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Panoramabilder erstellen:

Installation & Configuration


Hugin installation

  • Download Mac OS X package (URL see above)
  • Copy everything from within the .dmg into /Applications/Hugin

Control point generators

Control point generators are no longer distributed with Hugin due to either patents or unclear licenses. The disk image, however, contains an URL that will point you to the website where you can manually download these tools. Also, you should read the following file, it has excellent, detailed and correct (!) information on how to install and configure control point generators:

Read me first (Mac).rtfd

Nevertheless, I document here the steps that I usually do to install and configure control point generators:

  • Installation
    • Download the 2 disk images (one for autopano-sift-c, and one for panomatic)
    • Log in as an admin user, then for each disk image do the following steps:
    • Open the disk image
    • Manually copy the control point generator program file, which should be located inside a "Generator" folder within the disk image, to the system-wide directory /Library/Application Support/Hugin/Autopano
    • Close the disk image
    • If you prefer to launch the installer which is enclosed within the disk image, the following notes apply
      • The installer will copy the program into the user-specific folder ~/Library/Application Support/Hugin/Autopano
      • For this reason, you need to log in as the user who wants to use Hugin (not the admin user)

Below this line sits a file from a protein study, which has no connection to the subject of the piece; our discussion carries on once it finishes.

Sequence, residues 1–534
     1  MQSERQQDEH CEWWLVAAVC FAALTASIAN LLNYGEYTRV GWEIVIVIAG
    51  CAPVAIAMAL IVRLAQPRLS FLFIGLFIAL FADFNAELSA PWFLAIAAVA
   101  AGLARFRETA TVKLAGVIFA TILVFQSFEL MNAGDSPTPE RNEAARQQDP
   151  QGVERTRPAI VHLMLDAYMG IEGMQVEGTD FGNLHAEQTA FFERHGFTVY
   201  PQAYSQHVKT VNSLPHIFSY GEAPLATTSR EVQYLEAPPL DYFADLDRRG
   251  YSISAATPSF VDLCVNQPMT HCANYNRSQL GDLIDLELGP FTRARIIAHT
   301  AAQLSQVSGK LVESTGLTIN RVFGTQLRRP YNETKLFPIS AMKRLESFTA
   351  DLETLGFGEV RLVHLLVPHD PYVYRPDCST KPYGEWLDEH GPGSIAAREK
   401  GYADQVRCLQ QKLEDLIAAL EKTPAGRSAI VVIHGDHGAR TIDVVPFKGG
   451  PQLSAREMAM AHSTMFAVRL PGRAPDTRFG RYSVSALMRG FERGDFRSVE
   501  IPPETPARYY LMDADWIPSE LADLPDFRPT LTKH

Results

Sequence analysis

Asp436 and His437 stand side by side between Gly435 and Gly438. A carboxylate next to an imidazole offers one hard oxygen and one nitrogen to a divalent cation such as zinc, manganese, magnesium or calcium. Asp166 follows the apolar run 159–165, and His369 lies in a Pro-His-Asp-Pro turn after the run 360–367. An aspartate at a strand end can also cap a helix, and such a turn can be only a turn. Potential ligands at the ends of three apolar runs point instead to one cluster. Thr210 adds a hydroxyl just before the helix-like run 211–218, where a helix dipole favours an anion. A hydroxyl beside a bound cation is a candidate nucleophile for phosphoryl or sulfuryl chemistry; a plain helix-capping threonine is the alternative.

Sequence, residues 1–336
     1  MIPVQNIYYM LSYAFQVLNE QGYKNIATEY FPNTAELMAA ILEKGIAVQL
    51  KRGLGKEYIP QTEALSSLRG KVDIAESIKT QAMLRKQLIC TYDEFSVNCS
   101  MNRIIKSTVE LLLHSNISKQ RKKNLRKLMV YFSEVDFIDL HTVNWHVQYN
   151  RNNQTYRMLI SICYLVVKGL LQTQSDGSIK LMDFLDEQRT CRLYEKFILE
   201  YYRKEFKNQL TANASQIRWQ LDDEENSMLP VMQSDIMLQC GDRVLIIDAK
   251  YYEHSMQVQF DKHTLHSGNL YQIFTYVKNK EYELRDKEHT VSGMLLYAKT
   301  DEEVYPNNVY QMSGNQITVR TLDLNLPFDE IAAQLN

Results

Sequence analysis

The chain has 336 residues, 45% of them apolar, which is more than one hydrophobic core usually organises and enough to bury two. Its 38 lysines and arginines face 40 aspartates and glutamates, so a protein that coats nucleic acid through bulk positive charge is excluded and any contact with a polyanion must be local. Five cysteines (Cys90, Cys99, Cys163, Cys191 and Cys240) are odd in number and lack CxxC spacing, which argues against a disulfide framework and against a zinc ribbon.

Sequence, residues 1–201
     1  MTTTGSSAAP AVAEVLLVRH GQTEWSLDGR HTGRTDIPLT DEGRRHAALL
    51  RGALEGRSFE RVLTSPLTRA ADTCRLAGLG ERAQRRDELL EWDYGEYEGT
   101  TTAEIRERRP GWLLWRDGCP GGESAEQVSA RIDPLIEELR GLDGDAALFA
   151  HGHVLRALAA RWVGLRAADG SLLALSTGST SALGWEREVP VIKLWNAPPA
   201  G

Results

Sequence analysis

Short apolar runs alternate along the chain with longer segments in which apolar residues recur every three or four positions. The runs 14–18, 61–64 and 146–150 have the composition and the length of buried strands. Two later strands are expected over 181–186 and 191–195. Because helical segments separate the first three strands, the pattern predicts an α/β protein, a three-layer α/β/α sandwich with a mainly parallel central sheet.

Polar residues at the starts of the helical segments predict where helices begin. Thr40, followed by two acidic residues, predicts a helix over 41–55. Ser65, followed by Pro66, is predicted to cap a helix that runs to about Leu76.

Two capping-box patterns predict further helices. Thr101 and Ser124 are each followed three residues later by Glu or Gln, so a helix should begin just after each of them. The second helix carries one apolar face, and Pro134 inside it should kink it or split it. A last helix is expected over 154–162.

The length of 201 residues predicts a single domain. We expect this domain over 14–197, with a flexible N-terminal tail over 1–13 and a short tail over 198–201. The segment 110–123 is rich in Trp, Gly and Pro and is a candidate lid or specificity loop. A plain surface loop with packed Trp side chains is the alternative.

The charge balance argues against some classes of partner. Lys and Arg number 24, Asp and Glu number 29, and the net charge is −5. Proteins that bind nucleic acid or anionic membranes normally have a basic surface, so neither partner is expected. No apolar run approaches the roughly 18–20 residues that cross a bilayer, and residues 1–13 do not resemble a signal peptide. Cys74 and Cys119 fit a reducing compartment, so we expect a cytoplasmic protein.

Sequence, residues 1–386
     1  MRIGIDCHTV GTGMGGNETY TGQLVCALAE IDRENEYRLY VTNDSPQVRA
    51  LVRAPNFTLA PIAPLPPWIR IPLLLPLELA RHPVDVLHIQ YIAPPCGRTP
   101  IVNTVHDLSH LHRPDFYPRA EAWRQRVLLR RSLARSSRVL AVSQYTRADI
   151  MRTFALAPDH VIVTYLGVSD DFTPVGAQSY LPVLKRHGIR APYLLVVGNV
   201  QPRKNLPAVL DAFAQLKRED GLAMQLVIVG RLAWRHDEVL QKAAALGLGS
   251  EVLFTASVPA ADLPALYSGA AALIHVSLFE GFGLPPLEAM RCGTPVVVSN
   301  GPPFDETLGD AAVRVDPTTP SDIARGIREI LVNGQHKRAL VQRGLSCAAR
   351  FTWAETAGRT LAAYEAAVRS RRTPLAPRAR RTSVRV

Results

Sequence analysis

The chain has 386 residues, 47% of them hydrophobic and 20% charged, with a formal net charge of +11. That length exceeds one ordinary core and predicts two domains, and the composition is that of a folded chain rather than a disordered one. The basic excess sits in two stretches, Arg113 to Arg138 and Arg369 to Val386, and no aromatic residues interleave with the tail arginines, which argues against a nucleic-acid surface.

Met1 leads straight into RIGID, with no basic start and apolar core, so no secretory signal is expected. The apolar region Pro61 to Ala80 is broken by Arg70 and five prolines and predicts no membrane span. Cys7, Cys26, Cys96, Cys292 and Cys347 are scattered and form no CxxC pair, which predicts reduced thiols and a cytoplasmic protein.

• The installer works only if the disk image is located on your Desktop
  • After the control point generators are installed, they need to be added to each user's configuration.
    • Log in as the user who wants to use Hugin
    • Launch Hugin
    • Open the Preferences window
    • On the "Control Point Detectors" pane select "New..." for each generator that you want to use and enter its details (description, path to the program, arguments and type)

As said above, the file Read me first (Mac).rtf should be consulted for details; in case the file will be MIA in a future Hugin release, these are the details that I used for my Hugin 2009.4 release

  • panomatic
    • description = panomatic
    • program = /Library/Application Support/Hugin/Autopano/panomatic
    • arguments = -o %o %i
    • type = Autopano-SIFT
  • autopano-sift-c
    • description = autopano-sift-c
    • program = /Library/Application Support/Hugin/Autopano/autopano-sift-c
    • arguments = --maxmatches %p %o %i
    • type = Autopano-SIFT
  • autopano-sift-c 120+ images
    • description = autopano-sift-c 120+ images
    • program = /Library/Application Support/Hugin/Autopano/autopano-sift-c
    • arguments = --maxmatches %p %o %s
    • type = Autopano-SIFT

Technical specificatons for cameras


See LearningPhotography

Konica Minolta DiMAGE X50

  • Aspect ratio = 4:3
  • Maximum aperture = f/2.8 - f/5.0
  • Focal length = 6.1 - 17.1 mm (35mm equivalent: 37 - 105 mm)
  • File formats = JPEG. DCF 1.0, DPOF, and Exif 2.2 compliant

Panasonic Lumix DMC-TZ10

From the Panasonic website:

  • Aspect ratio = 4:3, 3:2, 16:9
  • Maximum aperture = f/3.3 - f/4.9 (Multistage Iris Diaphragm: f/3.3 - f/6.3 (W), f/4.9 - f/6.3 (T))
  • Focal length = 4.1 - 49.2 mm (35mm equivalent: 25 - 300 mm)
    • Crop factor (or focal length multiplier) = 25 / 4.1 = 6.097560975609756
  • File formats = JPEG (DCF/Exif2.21)

Sony Cyber-shot DSC-HX7V

From the Sony website:

  • Aspect ratio = 4:3, 16:9
  • Maximum aperture = f/3.5 - f/5.5